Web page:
Scott Borchert's cultural history of the New Deal initiative known as the Federal Writers' Program teems with colorful characters, scenic byways and telling anecdotes.
In a new book, Bryan Burrough and co-writers Chris Tomlinson and Jason Stanford challenge the historical lore of the Alamo — including the story that Davy Crockett refused to surrender.
For many years, Ford didn't know why her dad was in prison. As a teenager, she was shocked to learn he'd been convicted of rape. "With rape, there's no mistake about the intention to harm," she says.
In his debut The Natural Mother of the Child, Krys Malcolm Belc credits the pregnancy and birth of his son with helping him decide to transition.
Hannah Reynolds new YA romance The Summer of Lost Letters follows teenaged Abby's quest to learn more about her grandmother's past — and a possible love affair captured in mysterious letters.
In Mercury Rising, historian Jeff Shesol recalls the early days of the U.S. space program, when Cold War fears ruled and no one was sure John Glenn would survive America's first orbital flight.
Simon Van Booy's new novel Night Came With Many Stars follows several generations of a Kentucky family, their crossroads and choices, their curses and hard memories, their luck and their chances.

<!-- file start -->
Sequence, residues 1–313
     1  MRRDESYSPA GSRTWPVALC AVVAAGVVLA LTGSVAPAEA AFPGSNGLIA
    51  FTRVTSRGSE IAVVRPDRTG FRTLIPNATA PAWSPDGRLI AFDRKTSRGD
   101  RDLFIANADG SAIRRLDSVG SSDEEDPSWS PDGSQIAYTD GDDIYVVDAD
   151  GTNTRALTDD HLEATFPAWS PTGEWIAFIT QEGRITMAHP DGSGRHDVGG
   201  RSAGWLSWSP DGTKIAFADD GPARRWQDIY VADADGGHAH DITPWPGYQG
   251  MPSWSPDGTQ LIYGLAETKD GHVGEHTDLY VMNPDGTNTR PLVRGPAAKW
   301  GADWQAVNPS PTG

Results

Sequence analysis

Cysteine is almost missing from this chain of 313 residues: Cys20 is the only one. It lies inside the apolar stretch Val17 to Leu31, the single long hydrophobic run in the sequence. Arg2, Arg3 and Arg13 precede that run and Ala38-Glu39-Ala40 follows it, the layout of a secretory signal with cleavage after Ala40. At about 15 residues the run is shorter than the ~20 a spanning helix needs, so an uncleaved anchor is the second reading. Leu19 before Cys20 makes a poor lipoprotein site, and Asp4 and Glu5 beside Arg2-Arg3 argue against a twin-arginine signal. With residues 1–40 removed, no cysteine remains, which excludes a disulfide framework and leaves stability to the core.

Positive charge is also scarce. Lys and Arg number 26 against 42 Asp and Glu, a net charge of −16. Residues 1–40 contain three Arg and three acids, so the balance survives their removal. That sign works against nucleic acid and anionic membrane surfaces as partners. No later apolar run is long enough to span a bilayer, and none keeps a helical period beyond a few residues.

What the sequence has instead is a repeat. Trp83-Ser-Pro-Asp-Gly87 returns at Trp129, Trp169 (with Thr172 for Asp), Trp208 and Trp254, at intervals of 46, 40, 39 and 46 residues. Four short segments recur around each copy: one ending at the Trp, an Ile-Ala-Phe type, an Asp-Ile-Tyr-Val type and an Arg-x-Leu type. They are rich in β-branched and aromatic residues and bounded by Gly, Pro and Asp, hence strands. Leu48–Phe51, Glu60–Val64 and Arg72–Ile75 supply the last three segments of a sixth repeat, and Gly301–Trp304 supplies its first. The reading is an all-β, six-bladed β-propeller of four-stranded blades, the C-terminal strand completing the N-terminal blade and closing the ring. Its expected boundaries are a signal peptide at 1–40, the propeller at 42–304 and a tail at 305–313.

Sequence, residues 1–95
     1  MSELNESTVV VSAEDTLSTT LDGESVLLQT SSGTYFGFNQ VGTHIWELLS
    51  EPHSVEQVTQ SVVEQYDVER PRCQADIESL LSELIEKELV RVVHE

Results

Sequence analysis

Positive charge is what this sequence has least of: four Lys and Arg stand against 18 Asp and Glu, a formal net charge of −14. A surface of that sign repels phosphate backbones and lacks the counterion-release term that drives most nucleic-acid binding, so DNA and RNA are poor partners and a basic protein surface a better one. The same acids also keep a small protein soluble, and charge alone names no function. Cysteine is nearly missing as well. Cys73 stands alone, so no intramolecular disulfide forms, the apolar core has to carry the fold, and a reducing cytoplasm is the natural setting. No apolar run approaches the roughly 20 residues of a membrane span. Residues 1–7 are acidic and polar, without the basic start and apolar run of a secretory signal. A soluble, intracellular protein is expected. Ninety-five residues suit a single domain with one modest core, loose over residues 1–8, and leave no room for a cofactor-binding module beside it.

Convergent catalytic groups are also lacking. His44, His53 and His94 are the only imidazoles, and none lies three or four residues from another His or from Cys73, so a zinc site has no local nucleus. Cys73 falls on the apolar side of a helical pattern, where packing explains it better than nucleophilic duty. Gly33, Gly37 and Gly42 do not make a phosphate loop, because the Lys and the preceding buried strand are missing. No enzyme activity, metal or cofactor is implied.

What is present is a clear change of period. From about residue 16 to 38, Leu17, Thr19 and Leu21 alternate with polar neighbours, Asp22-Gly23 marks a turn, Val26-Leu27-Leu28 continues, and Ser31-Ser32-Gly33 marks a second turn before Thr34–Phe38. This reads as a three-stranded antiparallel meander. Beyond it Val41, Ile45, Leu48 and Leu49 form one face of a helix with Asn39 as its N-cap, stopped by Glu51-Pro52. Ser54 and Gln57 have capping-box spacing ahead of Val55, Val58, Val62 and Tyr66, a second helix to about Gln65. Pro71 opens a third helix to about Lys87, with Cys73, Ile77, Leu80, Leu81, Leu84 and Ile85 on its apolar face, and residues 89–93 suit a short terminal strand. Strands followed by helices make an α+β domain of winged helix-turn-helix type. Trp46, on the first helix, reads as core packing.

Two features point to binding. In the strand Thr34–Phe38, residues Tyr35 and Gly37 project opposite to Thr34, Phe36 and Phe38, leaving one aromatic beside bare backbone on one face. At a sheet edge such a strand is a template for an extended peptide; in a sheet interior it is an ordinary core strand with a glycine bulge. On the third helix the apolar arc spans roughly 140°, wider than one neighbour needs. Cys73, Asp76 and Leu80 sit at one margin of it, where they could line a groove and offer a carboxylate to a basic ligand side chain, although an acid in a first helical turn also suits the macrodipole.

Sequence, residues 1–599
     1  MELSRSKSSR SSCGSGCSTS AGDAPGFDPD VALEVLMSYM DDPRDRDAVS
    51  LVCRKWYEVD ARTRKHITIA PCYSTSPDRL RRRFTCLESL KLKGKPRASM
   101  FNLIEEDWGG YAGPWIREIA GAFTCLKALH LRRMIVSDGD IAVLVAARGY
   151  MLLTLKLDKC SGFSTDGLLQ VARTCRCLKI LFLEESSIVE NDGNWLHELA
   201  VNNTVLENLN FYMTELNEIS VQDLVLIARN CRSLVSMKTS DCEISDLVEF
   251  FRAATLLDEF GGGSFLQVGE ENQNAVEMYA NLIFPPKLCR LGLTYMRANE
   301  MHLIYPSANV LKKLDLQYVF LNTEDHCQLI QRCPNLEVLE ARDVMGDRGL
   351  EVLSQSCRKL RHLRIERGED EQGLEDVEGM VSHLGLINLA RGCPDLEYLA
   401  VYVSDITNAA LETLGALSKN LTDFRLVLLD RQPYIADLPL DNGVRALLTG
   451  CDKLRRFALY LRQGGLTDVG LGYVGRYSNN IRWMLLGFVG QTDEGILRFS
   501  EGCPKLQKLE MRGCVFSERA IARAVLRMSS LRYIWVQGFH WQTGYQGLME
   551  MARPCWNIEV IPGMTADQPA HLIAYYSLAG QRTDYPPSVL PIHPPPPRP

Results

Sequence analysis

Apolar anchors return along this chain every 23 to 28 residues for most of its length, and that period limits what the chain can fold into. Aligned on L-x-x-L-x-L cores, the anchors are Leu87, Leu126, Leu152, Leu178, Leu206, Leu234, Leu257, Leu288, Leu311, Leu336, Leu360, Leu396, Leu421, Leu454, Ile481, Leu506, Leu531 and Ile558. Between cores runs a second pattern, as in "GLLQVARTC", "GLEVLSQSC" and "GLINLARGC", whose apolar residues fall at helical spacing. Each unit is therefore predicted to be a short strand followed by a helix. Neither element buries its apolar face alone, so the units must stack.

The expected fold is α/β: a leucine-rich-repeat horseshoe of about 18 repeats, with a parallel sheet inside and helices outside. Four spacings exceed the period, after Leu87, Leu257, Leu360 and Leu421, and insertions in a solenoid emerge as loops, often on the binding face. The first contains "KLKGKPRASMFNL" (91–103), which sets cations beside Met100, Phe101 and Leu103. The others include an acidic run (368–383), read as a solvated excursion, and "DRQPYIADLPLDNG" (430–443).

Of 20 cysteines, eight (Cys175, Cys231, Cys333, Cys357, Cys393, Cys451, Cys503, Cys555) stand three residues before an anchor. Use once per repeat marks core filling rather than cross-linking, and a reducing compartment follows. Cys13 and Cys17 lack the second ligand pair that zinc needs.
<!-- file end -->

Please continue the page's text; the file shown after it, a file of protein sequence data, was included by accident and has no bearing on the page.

Author Nesrine Malik is reclaiming the terms of defense against ignorance and bigotry, ones that she says have become rote in the mouths of some and insults in the mouths of others.
Akwaeke Emezi's Dear Senthuran is a story of transcendence over violence that has marked their lived experience, told through letters to friends, lovers, and public figures — some they've never met.
Everyone's talking about getting out and about now that the pandemic has calmed — but what if you don't want to? Here are three books in translation that'll help you dig into your own life and mind.
When Daisy Hernández was 5, her aunt in Colombia came down with a mysterious illness that caused her large intestine to swell. Hernández details her aunt's story — and her own — in a new memoir.
There are a lot of Pride Month reading lists out there — so we thought we'd get away from the classics everyone knows. We asked author Akwaeke Emezi to recommend some of their favorite reads.
A new book explores the life of Justice John Marshall Harlan, who wrote the dissenting opinion in the Supreme Court case that upheld the principle of racial segregation.
In her debut collection Walking On Cowrie Shells, Nana Nkweti bends language like a master, delivering keenly observed details and wicked humor no matter which side of the Atlantic she's on.
In Casey McQuiston's new One Last Stop, cynical August moves to New York, where she meets and falls for Jane, a mysterious punk who seems to have been trapped on the Q train ... since the 1970s.